Dr. Melanie J. Jones, Optometrist, P.C.




Dry Eye Evaluation

Oculus Keratograph 5M InflammmaDry

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Family Eye Care

Exams Contact Lenses Frames

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Exclusive In Office Treatment

MiBo Thermoflo

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Natural Ophthalmics Nordic Natural Vitamin Supplements Tranquileyes Oasis

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Credit Cash Insurance CareCredit

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Dry, itchy eyes, or "Dry Eye Syndrome" is the most common complaint that eye doctors hear from patients. Symptoms can be felt as dryness, itchiness, burning, stinging, grittiness and an inability to read for long periods of time. People experience dry eye differently. Age, gender, nutritional deficiencies, environmental conditions and eyelid disease or dysfunction all can contribute to the underlying cause of a person's dry eyes.  Identifying and treating the cause, not just the symptoms, of dry eyes promotes a natural and effective path to relief.  


The exact role menopause plays in the development of dry eye is not well understood  but it is thought that the hormonal changes in women – particularly, decreasing levels of estrogen – can cause thickening of the oils secreted by the meibomian glands, which results in blockages. These blockages in turn can lead to drop out of the meibomian glands.  The blockages or loss of meibum will decrease the oily outer layer of the tears which is what contributes to increased evaporation and dry eye symptoms.  Our in office treatment with the Mibo Thermoflo can liquefy the meibum in as little as three sessions.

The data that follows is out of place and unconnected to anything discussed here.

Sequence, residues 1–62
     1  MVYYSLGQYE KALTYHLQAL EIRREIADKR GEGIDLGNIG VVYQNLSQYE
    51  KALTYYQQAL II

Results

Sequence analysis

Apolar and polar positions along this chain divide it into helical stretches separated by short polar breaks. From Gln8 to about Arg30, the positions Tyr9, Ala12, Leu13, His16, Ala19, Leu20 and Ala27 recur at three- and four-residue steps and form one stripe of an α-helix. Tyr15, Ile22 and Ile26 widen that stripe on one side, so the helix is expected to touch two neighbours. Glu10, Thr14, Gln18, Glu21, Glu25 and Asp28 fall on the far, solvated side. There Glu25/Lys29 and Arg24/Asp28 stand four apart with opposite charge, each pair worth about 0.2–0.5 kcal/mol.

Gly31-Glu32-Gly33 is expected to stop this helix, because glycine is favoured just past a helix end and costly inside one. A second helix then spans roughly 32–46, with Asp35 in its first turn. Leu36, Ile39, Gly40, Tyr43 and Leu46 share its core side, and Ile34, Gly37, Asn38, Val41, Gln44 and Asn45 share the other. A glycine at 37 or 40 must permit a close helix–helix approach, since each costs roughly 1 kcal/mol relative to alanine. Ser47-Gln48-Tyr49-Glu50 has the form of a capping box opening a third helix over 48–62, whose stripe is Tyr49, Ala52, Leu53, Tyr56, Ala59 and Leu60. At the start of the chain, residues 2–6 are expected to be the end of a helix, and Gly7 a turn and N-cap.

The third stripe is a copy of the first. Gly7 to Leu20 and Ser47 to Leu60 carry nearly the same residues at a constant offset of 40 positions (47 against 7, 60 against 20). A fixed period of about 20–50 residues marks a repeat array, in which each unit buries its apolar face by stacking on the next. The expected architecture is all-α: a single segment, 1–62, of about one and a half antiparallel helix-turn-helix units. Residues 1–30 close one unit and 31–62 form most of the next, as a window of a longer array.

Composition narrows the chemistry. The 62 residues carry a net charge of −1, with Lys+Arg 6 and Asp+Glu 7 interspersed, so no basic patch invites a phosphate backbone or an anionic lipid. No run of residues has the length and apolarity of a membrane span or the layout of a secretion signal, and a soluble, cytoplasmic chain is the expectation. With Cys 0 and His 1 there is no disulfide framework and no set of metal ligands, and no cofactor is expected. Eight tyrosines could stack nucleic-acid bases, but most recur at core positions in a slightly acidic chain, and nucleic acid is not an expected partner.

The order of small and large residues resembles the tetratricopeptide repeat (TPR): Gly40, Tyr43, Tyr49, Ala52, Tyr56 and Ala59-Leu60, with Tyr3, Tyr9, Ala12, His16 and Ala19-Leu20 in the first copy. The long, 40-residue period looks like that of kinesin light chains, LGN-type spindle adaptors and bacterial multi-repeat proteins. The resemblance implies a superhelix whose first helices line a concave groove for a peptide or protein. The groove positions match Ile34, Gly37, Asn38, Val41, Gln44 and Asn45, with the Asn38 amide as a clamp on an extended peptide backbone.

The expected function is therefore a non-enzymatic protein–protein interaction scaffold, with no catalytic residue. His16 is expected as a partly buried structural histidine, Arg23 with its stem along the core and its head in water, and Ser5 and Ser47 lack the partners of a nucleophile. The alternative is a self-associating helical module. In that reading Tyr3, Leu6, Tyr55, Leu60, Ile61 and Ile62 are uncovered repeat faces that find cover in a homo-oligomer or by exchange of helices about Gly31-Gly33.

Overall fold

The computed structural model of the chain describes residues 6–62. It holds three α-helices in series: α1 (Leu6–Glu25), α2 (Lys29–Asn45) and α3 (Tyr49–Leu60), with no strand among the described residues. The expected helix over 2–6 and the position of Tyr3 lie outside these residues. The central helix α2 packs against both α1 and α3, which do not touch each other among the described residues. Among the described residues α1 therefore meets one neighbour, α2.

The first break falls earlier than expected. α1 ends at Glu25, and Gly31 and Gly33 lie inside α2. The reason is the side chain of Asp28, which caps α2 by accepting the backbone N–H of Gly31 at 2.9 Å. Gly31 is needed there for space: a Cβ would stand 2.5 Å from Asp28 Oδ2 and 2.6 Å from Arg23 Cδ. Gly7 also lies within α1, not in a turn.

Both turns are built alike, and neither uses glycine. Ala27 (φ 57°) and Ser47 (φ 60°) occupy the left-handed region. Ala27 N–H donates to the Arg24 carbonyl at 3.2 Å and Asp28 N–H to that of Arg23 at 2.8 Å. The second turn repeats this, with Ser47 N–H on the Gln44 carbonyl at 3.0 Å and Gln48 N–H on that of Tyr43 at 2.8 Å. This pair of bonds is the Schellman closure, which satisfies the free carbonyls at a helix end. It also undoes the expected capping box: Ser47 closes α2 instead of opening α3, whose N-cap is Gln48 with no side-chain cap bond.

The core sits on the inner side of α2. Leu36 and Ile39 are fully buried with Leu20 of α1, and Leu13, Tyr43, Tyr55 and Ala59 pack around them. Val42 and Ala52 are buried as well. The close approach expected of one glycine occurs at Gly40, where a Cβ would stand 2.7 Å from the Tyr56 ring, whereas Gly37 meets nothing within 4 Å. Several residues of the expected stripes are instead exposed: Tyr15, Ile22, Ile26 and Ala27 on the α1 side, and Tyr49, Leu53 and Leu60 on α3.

Healthy Meibomian Glands

Current research has found that 90% of Dry Eye Disease is caused by Meibomian Gland Dysfunction. The meibomian glands produce the oily, lipid layer of the tears. This outermost layer of your natural tears is what keeps them from evaporating. Here you can see the healthy glands which appear as white, worm like stripes on the upper and lower lids.

Unhealthy Meibomian Glands

Here you can see that most of the healthy white wormlike structures are missing. Those missing glands is what causes dry eye in most patients. We have an in office procedure that is comfortable and soothing and, best of all, helps to revitalize these glands!